So what it boils down to is that I didn’t even get a chance to look at my computer until this morning, and I have been kicking butt ever since.  Their Love Rekindled is finished in rough draft, but I’ve made the decision to go back through and apply what I’ve learned in the workshop. I’ve been doing some restructuring, cutting, re-writing and –I hope – improving upon what I had already created.  I feel like I’m making it so much stronger, so much more coherent.

I had originally planned on releasing this one at the end of July, but now I want to push that back a bit. I want to make it the absolute best book it can be, and that’s going to take a little longer. I am going to aim for Labor Day Weekend, and I plan on sharing my first chapter here within the next few weeks just to give you all a taste of what to expect.

I’m also seeing a lot of things I wish I had done differently in my other books, although I’m not really sure whether I’m going to go back and make changes or not. To be honest, I’m sort of feeling ready to put my Beach Haven series aside for a while and dive into the new series that’s been percolating for a while.  It’s about three childhood friends, a fortune-teller, and the idea of Love and Destiny.

I’m thinking about making one of the characters an overworked, overstressed single mom who works four part-time jobs while writing romance novels and falling in love with a handsome acupuncturist after a chance meeting in a hot tub.

Or maybe it’s just time for me to switch to decaf.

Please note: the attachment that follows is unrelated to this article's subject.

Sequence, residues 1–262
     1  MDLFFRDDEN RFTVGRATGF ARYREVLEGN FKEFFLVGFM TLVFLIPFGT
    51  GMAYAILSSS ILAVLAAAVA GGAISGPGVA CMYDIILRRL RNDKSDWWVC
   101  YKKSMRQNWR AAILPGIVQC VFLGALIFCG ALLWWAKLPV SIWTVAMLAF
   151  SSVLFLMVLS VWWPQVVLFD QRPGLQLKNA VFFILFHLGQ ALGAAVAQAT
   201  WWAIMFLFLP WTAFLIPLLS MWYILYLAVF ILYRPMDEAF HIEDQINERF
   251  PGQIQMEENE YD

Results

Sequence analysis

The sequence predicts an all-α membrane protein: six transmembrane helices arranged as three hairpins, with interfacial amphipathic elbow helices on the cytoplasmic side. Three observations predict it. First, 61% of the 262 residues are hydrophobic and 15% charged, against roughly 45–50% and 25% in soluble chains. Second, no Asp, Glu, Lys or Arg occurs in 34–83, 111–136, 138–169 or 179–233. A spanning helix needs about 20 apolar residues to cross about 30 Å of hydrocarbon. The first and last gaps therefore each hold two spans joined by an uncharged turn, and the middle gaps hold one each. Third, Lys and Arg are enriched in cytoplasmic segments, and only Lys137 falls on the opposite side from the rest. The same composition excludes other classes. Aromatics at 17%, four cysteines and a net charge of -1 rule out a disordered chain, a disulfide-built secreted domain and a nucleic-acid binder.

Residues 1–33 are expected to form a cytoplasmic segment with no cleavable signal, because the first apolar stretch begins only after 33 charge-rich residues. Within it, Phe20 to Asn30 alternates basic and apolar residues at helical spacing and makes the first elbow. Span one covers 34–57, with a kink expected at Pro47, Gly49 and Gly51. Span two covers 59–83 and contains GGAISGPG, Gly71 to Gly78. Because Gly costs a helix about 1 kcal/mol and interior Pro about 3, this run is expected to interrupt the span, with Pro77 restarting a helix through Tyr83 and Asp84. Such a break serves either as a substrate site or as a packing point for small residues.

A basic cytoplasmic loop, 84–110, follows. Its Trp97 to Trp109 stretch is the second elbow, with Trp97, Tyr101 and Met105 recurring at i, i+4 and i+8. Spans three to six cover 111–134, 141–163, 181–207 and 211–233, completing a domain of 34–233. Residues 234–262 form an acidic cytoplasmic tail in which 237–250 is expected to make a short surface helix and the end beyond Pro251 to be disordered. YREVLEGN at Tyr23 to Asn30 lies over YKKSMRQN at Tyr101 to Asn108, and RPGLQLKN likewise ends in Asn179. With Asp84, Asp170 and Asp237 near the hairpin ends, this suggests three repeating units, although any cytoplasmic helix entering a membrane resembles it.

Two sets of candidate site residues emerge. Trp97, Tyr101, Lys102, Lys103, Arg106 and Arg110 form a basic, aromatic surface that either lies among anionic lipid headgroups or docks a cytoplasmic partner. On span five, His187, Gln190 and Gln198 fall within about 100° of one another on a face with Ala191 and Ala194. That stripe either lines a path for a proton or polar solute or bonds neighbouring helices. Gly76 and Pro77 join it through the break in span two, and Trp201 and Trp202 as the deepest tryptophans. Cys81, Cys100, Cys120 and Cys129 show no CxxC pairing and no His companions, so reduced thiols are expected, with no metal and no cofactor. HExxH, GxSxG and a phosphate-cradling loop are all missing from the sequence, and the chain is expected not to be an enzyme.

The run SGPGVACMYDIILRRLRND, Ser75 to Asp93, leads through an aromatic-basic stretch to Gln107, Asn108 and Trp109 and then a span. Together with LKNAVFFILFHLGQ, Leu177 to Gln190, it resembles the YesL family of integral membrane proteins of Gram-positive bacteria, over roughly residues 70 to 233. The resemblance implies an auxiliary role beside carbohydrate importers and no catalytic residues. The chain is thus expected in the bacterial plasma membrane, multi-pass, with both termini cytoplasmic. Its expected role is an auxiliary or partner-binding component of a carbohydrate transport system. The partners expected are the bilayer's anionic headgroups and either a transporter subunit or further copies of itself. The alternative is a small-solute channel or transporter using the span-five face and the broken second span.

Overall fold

Cover Reveal (sort of)

When I first published Her House Divided, I made my own cover. It was really artsy-fartsy, and I was really proud of it.

Of course,  I realize now that it was awful. Just like my formatting was awful. And my spacing. And some of the punctuation. And the fact that I called my main character by the wrong name every once in a while. And . . . well, let’s just be kind and say that my first foray into self-publishing was a learning experience. And oh, boy, did I have a lot to learn.

People have been really nice about helping me. I just can’t get over the number of wonderful authors, artists, and other publishing professionals who have reached out to offer the kind of guidance I have really needed throughout the process.

One of the first to help me was cover artist Jessica Richardson with CoverBistro. She offered me a great deal and made up a new cover for me that really gave my book a much more professional look. There was no question about my going back to her when I needed a cover for His Heart Aflame — and yes, she will be designing the cover for Their Love Rekindled.

I recently turned to Jessica again with some questions about updating my covers to tie them together and make them look more like a series, and I am thrilled with the results. I want to show them off and get some feedback. Tell me, what do you think of the changes?

Old Cover
Old Cover
New Cover
New Cover

But wait, there’s more!

Old Cover
Old Cover
New cover
New cover

Subtle changes, but gorgeous, right?

Leo